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Fish Fillets with Tartar Sauce

  • 25 m
  • 25 m
EatingWell Test Kitchen
“This fast tartar sauce comes together in just 10 minutes and makes a great topping for simple sautéed fish fillets. Serve with toasted potato wedges and coleslaw.”


    • Tartar Sauce
    • ½ cup reduced-fat mayonnaise
    • 1 cornichon or sour gherkin pickle, chopped
    • 1 tablespoon minced shallot
    • 1 anchovy fillet, minced
    • 1 teaspoon chopped capers
    • 1 teaspoon dried tarragon
    • 1 teaspoon chopped fresh parsley
    • 2 teaspoons lemon juice
    • Freshly ground pepper to taste
    • Fish
    • ⅓ cup all-purpose flour
    • ½ teaspoon salt
    • ¼ teaspoon freshly ground pepper
    • 1 pound catfish, tilapia, haddock or other white fish fillets (see Notes), cut into 4 portions
    • 1 tablespoon extra-virgin olive oil


  • 1 To prepare tartar sauce: Combine mayonnaise, cornichon (or sour gherkin pickle), shallots, anchovy, capers, tarragon and parsley in a small bowl. Stir in lemon juice and pepper.
  • 2 To prepare fish: Combine flour, ½ teaspoon salt and ¼ teaspoon pepper in a shallow dish; thoroughly dredge fillets (discard any leftover flour).
  • 3 Heat oil in a large nonstick skillet over medium-high heat. Add the fish, working in batches if necessary, and cook until lightly browned and just opaque in the center, 3 to 4 minutes per side. Serve each portion of fish with about 1 tablespoon sauce each.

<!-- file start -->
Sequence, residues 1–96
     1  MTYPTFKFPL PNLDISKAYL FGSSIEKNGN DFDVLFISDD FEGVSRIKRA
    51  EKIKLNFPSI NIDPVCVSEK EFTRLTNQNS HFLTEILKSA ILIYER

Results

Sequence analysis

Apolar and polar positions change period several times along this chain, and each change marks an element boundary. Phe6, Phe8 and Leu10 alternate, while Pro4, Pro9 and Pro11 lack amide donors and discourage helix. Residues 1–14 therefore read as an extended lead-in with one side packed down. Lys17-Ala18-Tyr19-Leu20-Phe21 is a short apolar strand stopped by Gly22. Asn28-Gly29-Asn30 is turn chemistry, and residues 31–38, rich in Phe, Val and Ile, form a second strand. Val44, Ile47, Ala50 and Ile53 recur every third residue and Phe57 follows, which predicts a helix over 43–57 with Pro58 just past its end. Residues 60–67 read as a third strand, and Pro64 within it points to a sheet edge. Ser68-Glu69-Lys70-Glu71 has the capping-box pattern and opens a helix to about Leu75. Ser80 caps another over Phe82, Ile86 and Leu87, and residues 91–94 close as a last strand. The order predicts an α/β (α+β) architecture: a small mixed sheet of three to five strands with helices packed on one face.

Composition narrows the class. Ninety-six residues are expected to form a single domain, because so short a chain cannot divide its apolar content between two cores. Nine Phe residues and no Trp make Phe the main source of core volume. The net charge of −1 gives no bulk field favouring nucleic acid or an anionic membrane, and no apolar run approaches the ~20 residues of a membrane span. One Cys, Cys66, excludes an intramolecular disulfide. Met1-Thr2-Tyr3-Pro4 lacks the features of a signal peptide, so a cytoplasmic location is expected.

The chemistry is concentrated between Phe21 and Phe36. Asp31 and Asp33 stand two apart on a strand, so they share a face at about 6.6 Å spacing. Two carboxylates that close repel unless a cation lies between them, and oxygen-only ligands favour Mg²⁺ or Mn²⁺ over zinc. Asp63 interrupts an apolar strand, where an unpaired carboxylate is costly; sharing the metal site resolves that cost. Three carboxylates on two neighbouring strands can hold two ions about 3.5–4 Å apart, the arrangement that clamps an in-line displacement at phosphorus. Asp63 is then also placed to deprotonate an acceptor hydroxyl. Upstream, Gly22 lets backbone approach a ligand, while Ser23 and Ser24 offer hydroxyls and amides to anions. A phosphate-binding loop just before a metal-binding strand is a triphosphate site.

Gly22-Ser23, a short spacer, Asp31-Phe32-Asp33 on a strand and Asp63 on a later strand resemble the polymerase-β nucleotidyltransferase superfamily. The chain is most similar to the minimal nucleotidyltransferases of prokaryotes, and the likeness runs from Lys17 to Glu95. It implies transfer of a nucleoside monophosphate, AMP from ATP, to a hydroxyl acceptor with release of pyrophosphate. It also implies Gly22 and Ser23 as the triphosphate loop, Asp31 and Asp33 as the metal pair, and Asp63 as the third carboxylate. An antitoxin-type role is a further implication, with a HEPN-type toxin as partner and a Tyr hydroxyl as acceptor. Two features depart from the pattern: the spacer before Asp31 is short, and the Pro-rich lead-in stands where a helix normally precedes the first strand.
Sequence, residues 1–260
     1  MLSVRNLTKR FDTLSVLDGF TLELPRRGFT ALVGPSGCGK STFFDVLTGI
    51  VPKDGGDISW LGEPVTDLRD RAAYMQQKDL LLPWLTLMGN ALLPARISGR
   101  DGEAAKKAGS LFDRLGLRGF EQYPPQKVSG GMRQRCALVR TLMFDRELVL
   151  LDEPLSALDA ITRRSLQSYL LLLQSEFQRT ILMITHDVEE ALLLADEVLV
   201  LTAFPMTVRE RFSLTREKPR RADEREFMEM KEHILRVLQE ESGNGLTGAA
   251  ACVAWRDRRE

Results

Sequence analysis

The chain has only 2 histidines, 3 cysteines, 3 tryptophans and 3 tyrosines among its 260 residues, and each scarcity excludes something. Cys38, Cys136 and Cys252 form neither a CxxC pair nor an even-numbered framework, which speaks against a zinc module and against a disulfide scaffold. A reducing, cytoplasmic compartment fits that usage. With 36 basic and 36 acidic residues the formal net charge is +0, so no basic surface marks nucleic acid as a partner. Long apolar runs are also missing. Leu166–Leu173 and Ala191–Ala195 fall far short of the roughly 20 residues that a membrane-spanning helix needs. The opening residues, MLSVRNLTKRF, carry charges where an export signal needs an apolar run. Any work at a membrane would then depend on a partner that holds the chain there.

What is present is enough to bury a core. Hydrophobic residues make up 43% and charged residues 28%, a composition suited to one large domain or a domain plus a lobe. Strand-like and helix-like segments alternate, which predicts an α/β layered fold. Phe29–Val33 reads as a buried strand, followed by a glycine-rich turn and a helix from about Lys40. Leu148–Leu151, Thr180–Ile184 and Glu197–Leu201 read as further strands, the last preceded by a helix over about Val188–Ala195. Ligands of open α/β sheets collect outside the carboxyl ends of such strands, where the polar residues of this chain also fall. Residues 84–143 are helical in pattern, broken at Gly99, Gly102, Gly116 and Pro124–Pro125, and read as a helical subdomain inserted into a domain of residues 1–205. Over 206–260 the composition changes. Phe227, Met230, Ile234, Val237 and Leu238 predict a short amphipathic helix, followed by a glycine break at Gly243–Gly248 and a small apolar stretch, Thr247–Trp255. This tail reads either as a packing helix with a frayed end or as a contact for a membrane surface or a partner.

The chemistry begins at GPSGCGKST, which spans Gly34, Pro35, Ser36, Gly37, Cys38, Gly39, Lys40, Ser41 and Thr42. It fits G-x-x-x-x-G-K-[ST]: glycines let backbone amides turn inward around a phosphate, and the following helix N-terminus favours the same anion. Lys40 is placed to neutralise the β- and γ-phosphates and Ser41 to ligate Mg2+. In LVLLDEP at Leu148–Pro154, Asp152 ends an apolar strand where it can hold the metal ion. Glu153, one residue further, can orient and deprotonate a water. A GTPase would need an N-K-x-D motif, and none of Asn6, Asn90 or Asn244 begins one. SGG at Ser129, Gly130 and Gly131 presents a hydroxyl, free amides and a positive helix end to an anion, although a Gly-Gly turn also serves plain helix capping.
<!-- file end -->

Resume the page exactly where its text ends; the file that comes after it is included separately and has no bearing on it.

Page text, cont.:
• Make Ahead Tip: Cover and refrigerate the sauce (Step 1) for up to 3 days.
  • Notes: Catfish: Look for U.S. farmed catfish—it's sustainably raised in non-polluting inland ponds and fed a mostly vegetarian diet.
  • Tilapia: U.S. farmed tilapia is the considered the best choice—it's raised in closed-farming systems that protect the surrounding environment. Central and South American tilapia is considered a good alternative. Avoid farmed tilapia from China and Taiwan—where the fish farming pollutes the surrounding environment.
  • Haddock (Scrod): To get the best choice for the environment, ask for U.S. Atlantic “hook-and-line-caught” haddock—this method causes the least damage to the sea floor and has the least by catch.
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